5:28 p.m. - Andie says "off" and wants a plastic ball stuffed down a cup taken out. I can't do it. It won't be the first time I disappoint her.
5:35 p.m. - Andie and Allie are having a drag-out, scream fight right now. Wow. I haven't seen that EVER. Then Andie seems to understand what's going on and tries to talk to Allie about "her shirt." Their communication is really funny. I do think twins can communicate more than other siblings.
5:36 - Andie keeps hounding me. I am neglecting my kids. Time to get a bath. Andie confirms this by getting right in my face and saying "No more Daddy."
5:45 p.m. - One of the tougher parts of the day. Bathtime. I corral Andie and Allie in our room so I can watch the MSU/UConn game. I gather their diapers, towels and PJs to the bathroom and corral them in our room again. Allie keeps taking Kate's summer clothes and trying them on and saying "Cute." I tell Jayden he's after the girls. He takes his clothes off and throws a shit fit when I tell him he's second. Whatever. I let him go first. Maybe he'll be a spoiled brat when he's older, but for now, I've seen enough fits over nothing. Allie's diaper is dirty, so I clean her up. When it's Andie's turn, she fights me once again. These girls cannot sit still for a second.
Wash hair, clean off, watch game, prevent drownings, dress, put diapers on. It's an intense 45 minutes.
6:30 p.m. - Andie blows my theory. She is sitting here with me, guzzling grape juice, while I type, and imitating everything on "Word World." These cuddle moments are few and far between, so I'm enjoying it. If it lasts more than a couple minutes I'll be stunned.
6:31 p.m. - Allie climbs on the chair and is close to toppling off. Moment's over.
6:32 p.m. - Oops. I mistook Allie for Andie, I actually had Allie with me there. Yes, that still happens.
7:07 p.m. - I have my first meltdown. Jayden sits by me, Andie crawls up and Allie, who I've held for the last half hour, starts to cry right by me after I have to tell her to stop crawling up. They all start whining, and I'm trying to update my music list, the first thing I've really done for myself all day. I freak out momentarily and even yell a bit.
Imagine being in a marathon, thinking you're only a mile or two away, then realizing that you've got a dozen left to run. 7 p.m is like that for me. So close and yet I've still got more than an hour to go before the kids go to bed.
7:20 p.m. - The girls go to bed. Andie calls for her blankie and I have to run down to get it, but I'm willing to do that at this point if it means she goes to sleep.
7:35 p.m. - Jayden and I watch the last few minutes of a movie I put together of his first year when he was a baby. He asks me 874 questions in that 10 minutes. Poor guy. He doesn't get the one-on-one attention he deserves after a day like these.
Regardless, I put him to bed, and he falls asleep in two minutes.
He seems as tired as I am.
One down, one to go. But today, I did it.
Friday, April 03, 2009
The dress rehearsal before Saturday and Sunday, when I have them every second of the day. Thursday was only a couple hours after work. Not bad.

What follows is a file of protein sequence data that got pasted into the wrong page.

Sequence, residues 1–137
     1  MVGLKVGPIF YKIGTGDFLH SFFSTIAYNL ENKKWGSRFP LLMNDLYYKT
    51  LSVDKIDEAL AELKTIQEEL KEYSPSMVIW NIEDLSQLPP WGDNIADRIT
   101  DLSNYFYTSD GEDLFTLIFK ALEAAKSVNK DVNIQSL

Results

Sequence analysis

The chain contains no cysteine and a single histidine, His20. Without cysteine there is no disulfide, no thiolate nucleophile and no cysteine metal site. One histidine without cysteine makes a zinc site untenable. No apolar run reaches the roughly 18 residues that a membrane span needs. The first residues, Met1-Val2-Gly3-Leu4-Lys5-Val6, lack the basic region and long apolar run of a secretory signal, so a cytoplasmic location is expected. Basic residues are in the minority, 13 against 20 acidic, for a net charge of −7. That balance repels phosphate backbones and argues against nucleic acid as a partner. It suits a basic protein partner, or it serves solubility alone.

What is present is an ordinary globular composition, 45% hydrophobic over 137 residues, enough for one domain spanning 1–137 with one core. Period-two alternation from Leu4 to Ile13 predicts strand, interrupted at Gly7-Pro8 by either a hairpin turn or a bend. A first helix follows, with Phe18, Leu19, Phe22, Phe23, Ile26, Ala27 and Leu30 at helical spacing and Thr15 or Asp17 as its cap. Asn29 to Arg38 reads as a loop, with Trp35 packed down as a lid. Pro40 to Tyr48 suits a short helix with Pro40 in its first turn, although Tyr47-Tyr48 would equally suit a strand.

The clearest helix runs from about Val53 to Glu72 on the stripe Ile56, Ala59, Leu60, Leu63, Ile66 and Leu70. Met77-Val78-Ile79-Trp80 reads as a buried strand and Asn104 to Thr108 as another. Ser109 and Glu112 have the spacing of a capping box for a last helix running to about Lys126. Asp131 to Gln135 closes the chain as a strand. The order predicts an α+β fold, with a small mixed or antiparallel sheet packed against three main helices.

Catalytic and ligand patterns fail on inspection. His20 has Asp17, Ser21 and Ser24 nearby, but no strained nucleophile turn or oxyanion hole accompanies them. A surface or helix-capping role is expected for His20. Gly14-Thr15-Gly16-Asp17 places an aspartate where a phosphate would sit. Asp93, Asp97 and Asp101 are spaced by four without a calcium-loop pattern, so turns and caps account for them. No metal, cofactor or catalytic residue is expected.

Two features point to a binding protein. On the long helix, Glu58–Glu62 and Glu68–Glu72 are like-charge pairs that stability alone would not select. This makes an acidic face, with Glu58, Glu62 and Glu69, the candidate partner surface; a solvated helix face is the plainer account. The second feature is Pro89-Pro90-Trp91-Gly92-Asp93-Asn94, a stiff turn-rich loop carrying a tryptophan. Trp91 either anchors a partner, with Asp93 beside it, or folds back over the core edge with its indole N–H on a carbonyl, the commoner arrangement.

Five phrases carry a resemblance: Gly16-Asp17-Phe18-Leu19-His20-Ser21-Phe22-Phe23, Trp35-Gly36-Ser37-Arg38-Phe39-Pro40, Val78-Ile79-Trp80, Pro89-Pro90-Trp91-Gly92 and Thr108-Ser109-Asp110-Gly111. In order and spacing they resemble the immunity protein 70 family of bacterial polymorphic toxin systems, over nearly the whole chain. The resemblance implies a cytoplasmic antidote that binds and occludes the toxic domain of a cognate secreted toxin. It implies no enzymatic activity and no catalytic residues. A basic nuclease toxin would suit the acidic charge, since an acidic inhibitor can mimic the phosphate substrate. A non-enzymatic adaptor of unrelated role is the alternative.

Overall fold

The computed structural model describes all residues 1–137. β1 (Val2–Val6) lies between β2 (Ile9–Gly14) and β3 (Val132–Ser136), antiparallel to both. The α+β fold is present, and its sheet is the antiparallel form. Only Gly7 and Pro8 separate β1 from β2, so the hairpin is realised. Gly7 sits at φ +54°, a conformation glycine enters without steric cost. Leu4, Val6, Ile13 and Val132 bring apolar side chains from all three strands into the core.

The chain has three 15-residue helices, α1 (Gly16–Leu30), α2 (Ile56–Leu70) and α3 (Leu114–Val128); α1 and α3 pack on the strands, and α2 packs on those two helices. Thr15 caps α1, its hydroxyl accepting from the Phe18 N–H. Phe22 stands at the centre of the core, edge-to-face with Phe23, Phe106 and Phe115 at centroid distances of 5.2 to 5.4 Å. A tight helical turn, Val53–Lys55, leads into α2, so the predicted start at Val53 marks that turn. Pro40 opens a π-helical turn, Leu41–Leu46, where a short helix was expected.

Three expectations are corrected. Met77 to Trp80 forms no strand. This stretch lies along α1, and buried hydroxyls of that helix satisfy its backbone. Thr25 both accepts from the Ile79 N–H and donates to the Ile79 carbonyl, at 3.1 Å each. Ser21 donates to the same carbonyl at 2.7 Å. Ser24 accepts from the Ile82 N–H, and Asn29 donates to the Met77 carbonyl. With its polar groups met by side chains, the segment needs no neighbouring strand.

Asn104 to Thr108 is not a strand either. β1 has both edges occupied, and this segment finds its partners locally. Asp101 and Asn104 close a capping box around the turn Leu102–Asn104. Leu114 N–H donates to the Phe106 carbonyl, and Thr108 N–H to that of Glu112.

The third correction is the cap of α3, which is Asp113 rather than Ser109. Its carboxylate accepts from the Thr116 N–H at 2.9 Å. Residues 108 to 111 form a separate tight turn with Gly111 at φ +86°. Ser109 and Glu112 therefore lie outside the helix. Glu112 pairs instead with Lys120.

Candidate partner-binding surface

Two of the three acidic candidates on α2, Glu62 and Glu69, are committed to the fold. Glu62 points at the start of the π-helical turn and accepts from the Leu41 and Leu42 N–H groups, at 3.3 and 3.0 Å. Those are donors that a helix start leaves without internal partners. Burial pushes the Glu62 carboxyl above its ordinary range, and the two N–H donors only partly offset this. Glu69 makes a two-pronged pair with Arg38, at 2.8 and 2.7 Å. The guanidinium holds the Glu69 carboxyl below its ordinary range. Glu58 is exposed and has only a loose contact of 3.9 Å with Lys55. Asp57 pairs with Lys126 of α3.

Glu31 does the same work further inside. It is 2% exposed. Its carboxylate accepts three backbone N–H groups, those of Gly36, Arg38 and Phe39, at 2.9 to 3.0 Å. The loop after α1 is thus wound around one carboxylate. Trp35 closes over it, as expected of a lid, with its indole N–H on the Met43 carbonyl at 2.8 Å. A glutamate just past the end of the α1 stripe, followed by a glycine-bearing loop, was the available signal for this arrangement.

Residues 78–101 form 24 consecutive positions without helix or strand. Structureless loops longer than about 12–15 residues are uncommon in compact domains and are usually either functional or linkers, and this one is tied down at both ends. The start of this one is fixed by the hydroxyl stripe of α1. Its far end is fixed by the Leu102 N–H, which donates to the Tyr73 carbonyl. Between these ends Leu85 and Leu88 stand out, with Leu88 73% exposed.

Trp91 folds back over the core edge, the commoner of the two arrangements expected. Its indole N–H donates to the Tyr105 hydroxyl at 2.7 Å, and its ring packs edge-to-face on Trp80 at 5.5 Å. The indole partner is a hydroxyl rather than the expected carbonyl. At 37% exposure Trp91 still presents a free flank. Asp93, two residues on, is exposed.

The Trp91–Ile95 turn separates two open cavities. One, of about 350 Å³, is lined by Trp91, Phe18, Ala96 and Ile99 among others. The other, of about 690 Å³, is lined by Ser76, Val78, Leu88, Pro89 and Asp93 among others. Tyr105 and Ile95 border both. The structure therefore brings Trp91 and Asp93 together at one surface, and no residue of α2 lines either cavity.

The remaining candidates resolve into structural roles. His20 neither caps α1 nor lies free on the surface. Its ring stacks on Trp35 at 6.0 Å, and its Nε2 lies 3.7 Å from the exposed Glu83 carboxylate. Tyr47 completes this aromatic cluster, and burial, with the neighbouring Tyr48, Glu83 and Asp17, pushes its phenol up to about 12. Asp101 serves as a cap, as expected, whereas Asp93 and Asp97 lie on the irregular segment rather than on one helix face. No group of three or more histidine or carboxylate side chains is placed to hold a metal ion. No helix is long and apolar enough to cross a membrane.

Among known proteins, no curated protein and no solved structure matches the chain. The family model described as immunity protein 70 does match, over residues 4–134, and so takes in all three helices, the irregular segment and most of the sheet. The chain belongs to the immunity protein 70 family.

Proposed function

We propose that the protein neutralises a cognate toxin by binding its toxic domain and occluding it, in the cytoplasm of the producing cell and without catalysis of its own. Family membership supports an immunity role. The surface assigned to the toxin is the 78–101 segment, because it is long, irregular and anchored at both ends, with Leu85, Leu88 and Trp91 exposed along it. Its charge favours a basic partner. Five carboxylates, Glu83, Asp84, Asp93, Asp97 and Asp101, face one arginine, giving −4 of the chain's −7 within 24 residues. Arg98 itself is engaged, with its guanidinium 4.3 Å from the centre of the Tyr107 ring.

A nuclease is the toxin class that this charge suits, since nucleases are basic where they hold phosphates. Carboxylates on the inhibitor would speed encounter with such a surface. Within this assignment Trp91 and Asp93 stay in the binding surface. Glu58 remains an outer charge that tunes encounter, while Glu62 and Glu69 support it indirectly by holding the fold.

I took Jayden swimming for an hour and a half and then picked up the twins at 3:30 p.m. from day care. Thus endeth the dress rehearsal.
I'm not sure how evolution decided to give toddlers who are almost 2 a full, intelligent and determined mind. I really wish at times like these their brains were still wiring up, so they would just sit on the floor and wait for me to dress them, bring them food and give them juice.
Instead, I have tiny people running around who believe with all their tiny hearts that they are fully capable of doing anything they want, when, in fact, they're capable of crapping their pants and that's about it. This means the percentage of time I spend taking them down from counters, chairs, tables is much higher than the percentage of things I actually accomplished. My kids also do not believe in playing with their toys. They'd rather get into everything in the house they're not supposed to get into, meaning I'm constantly picking up little piles of messes everywhere they go, or worse, removing, say, a pair of scissors from one of their hands.
I play Omaha for an hour today while Jayden watches "Madagascar." I finally get to relax for an hour. I lose $50 to three two-outers. Awesome.
Conversation with Jayden, 4: "Can I go swimming Daddy?"
Me: "We went swimming today."
Jayden: "Can I go to Ruthies? (His day care provider).
Me: "No, tomorrow we're spending the day with Daddy and the girls."
Weather report: Blizzard warning after midnight. That's the best fucking news I've ever heard. Sweet. That means I'll be trapped in the house with all three kids.
It's not the best start? But the scary thing? It really could be a lot worse.
Wednesday, April 01, 2009
Fortunately I do know when she'll be back again.
Unfortunately it will not be until Sunday.
Now before you pipe up about my two trips out there without her, yeah, I KNOW. That's why she's going.
Still, it leaves me with twins under 2 and a toddler under 4 from Thursday until Sunday.
It won't be terrible since I work Thursday and will only have Jayden for a while Friday. But Friday night the fun begins.
I have run or worked out every day for two weeks, pretended that my soft, soft pillow is really a club with spikes and am mentally preparing for the fact that I may not see much of the Final Four.
Kate's stated goal for me this weekend: "Just keep all three kids alive."
That's probably not a goal where 66 percent would be considered good. So let's crank up the comments, folks. I have a few questions:
1. What fun kid stuff can I make and serve for dinner? I can cook, don't you worry, but I'd like something other than Hamburger Helper (which will be served one night, Cheeseburger Mac is pretty damn good).
2. What fun kid stuff can we do together, besides go to the Mall play area (which we will hit up Saturday, don't you worry)?
Inevitably the thing I hate most about taking care of all three of them is I put out more fires and prevent them from killing themselves more than really spend quality time and have fun. So I'm trying to do a little prevention.
3. What should I tell them when they ask for Mommy? That she left to join a radical movement bent on saving the Polar Bear? That she needed a break because you all were driving her nuts? That she went to go play with her friends? What will a child that young understand?
4. What prescription drugs would you recommend so I can survive the weekend?